The Scoop on Writing Profile Articles: Preparing for the Interview

Lori RussellBy Lori Russell

In March’s column, I discussed how to pitch an idea for a profile article to an appropriate publication with a query letter. Once the editor gives you the go ahead to write your profile article, what should you do next?

Before you schedule an interview with your subject, reread your query letter. It holds the key of how to research, interview and write your profile in a timely manner.

As writers, we are expected to be “instant experts” who know about a variety of topics and can explain them using original metaphors and flowing prose. To do that in a timely manner, you need a strategy so you don’t over or under research or write your article. Luckily, because of the work you did crafting your query letter (narrowing the focus of your topic, determining your angle, choosing your interview subject), you already have a great start.

When I wrote a profile on a couple who run a clinic teaching rural kids how to hunt wild turkeys, my angle focused on the efforts of 100 adult volunteers who teach children the basics of carrying on a hunting tradition in their community. Because I knew my angle and my audience’s familiarity (or lack there of) with the subject manner, I didn’t have to know how to a pattern a shotgun, delve into the specifics of turkey biology or be able to imitate the call of a hen to draw in a “tom.”

Familiarize yourself with the basics of your topic first and use the interview to get the color and quotes that come with talking with someone.

After you’ve found your information, copy all your notes into one notebook or computer file. Copying the information rather than simply cutting and pasting from websites forces you to think about which facts are useful. It also anchors those details in your mind-something that is helpful when you begin to write.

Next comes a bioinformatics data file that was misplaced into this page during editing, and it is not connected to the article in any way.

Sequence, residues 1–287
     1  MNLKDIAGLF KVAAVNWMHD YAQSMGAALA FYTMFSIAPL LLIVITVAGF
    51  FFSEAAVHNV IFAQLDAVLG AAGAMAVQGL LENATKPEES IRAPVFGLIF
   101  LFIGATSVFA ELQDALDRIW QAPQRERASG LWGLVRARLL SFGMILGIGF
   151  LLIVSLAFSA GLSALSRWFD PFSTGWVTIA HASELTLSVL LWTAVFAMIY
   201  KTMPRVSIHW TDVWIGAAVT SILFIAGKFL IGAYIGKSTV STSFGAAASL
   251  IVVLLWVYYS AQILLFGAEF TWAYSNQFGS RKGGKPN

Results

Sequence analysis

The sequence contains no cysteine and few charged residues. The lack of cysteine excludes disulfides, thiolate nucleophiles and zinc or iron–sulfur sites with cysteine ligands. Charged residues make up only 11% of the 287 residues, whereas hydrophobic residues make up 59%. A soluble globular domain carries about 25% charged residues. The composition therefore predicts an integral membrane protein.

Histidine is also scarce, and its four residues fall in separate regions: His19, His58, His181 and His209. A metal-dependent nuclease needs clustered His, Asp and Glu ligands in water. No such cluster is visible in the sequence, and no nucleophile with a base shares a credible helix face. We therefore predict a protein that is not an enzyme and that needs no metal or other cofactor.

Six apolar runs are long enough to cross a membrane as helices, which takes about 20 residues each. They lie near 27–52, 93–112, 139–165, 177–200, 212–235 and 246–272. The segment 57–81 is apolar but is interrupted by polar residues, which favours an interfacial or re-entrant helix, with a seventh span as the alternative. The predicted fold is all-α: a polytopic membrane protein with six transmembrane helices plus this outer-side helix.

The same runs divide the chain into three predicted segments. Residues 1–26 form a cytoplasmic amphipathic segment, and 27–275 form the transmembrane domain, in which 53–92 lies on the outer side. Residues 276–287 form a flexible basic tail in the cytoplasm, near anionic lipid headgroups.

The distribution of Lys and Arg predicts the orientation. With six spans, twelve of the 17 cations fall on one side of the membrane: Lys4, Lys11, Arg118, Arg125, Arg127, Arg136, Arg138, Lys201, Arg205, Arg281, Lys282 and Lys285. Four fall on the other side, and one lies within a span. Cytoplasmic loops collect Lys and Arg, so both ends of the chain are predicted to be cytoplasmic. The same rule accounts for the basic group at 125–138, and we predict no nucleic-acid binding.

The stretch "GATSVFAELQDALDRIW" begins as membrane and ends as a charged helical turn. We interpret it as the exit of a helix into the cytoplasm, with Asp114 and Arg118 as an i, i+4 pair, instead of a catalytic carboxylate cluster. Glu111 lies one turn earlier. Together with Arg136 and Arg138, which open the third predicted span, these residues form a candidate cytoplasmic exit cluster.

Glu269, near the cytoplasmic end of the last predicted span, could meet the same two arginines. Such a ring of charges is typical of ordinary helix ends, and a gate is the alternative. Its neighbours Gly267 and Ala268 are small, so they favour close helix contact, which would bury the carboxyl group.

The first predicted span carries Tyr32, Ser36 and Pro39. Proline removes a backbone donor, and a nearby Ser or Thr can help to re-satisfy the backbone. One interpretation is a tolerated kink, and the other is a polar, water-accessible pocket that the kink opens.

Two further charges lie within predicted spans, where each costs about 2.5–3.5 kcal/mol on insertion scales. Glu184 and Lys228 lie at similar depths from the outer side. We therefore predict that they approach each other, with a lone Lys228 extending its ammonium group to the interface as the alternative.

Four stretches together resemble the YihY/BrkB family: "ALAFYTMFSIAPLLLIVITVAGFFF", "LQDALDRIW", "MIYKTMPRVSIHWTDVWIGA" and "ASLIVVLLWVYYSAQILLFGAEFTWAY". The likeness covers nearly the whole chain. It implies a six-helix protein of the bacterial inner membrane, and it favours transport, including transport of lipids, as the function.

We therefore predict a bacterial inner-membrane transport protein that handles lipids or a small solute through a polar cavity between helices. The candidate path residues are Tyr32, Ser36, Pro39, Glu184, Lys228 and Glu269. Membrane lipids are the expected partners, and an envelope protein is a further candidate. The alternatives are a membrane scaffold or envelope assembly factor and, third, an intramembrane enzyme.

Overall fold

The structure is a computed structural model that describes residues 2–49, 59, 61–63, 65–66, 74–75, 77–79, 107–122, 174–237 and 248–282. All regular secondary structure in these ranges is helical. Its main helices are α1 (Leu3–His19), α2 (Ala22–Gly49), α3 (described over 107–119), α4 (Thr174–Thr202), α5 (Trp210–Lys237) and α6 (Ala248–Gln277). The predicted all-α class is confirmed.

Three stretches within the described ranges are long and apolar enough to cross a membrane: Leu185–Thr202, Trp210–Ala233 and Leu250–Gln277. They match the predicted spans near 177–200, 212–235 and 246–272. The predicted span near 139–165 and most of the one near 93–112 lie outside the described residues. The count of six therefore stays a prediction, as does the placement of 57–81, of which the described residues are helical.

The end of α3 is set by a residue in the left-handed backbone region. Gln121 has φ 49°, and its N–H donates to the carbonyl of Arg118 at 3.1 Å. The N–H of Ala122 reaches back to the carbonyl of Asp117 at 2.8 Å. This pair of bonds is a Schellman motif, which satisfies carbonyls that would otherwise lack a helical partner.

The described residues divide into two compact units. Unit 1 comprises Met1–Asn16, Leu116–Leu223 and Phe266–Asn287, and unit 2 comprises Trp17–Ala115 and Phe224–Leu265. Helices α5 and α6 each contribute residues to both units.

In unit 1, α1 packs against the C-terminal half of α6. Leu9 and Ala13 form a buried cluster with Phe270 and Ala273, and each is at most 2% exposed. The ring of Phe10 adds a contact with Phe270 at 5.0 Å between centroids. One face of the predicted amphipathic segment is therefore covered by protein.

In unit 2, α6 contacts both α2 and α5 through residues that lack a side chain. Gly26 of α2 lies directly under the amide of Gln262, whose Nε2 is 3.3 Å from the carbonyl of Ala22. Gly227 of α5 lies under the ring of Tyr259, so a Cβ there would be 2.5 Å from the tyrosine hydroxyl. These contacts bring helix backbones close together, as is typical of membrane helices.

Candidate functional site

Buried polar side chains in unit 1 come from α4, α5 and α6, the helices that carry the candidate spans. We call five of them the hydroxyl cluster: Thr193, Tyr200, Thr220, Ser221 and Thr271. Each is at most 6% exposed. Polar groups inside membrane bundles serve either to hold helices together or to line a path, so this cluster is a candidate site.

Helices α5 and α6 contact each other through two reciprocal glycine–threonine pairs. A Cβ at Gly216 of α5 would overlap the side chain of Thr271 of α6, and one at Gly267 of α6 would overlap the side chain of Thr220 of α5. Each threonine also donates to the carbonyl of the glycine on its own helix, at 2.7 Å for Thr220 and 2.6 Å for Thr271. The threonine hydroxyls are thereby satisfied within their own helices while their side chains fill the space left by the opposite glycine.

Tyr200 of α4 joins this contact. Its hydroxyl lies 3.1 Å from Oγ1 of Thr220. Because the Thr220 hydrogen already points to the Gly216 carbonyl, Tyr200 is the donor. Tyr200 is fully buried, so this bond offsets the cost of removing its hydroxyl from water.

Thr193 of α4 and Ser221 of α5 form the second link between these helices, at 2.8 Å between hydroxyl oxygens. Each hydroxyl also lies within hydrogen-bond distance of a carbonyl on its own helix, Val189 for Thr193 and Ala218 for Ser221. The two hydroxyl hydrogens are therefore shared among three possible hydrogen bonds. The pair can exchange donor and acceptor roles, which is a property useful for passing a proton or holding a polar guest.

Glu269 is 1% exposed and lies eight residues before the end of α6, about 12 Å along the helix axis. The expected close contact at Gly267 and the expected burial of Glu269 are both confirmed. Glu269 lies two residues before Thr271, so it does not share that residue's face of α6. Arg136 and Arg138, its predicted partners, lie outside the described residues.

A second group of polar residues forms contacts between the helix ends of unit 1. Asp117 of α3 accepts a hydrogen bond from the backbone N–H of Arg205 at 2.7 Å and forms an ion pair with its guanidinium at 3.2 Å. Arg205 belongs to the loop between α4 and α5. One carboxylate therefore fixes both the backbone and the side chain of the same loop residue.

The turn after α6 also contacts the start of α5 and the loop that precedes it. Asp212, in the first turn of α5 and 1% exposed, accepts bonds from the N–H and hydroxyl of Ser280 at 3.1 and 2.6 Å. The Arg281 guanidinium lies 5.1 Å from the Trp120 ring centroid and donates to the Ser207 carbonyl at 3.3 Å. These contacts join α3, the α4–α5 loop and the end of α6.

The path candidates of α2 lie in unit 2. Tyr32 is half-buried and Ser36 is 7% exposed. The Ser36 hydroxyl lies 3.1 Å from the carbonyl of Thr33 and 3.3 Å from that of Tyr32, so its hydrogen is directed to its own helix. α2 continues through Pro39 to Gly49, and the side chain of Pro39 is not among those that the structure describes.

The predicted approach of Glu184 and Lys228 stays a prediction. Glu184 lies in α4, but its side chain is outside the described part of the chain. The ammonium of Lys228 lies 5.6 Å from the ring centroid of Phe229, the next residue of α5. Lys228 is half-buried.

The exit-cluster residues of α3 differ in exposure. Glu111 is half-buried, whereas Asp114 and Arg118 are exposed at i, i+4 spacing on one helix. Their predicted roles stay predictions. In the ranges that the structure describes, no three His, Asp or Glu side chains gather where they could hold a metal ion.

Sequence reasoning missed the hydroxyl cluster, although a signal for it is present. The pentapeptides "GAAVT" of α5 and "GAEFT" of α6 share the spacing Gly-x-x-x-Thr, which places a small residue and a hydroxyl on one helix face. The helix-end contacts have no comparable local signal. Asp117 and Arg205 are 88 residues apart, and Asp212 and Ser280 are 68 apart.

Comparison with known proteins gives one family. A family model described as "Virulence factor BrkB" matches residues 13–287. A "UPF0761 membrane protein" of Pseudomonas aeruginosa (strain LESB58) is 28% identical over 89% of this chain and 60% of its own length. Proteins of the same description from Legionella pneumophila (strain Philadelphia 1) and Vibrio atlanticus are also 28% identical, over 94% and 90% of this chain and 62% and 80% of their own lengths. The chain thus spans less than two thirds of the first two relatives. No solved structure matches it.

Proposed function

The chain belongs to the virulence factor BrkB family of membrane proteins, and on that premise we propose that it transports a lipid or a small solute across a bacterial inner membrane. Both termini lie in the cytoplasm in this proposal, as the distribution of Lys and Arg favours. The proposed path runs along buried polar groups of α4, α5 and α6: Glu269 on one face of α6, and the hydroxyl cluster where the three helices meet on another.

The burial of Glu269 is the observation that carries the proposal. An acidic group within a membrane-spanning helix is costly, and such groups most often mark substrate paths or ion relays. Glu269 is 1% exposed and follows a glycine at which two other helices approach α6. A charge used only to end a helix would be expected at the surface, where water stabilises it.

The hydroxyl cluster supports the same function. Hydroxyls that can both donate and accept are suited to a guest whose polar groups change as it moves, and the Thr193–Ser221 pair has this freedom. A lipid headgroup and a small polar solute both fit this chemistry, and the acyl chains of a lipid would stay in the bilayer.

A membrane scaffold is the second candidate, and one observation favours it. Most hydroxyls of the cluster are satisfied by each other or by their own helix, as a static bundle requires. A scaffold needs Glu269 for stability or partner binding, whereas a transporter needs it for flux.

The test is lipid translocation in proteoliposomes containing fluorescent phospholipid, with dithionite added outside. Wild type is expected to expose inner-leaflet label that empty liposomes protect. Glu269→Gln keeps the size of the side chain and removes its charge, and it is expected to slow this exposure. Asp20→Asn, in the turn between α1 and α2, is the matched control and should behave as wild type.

Here are some more dos and don’ts when preparing for the “Big Talk”:

  • Do familiarize yourself with your topic before the interview.
  • Do develop questions for your subject about the activity or status that led you to choose him/her for an interview and about the life that brought him/her to that activity or status.
  • Do use your questions to get and keep the conversation going if your subject is nervous, shy or withholding.
  • Don’t feel you have to stick to your list if all goes well and the interview flows naturally.
  • Do interview secondary sources. Consider friends, colleagues or adversaries of the subject. Look for experts on the Internet, through professional associations, trade organizations or the public relations department at a college or university. Contact writers or editors at technical, professional or trade publications in the field you are writing about.
  • Do use the phone or email when you are trying to collect background information or get a supporting quote or anecdote from a secondary source.

Assignment: Reread one of your query letters from last month and review what you promised to deliver to your editor. Research the basics of your topic and compile your notes in a notebook or computer file. Compose a list of questions for your interview subject.

Lori Russell has written profiles about people, their passions and their places for more than a decade. Her nonfiction articles have been published online and in magazines and newspapers around the country. She is a contributing editor for Columbia Gorge Magazine, a regular contributor to Ruralite magazine and has co-written the “In the Spotlight’ column for WOTR for the past two years. She is currently enjoying a writing residency teaching memoir writing to high school students through Columbia Gorge Arts in Education, an organization that brings professional writers and artists to the public schools.

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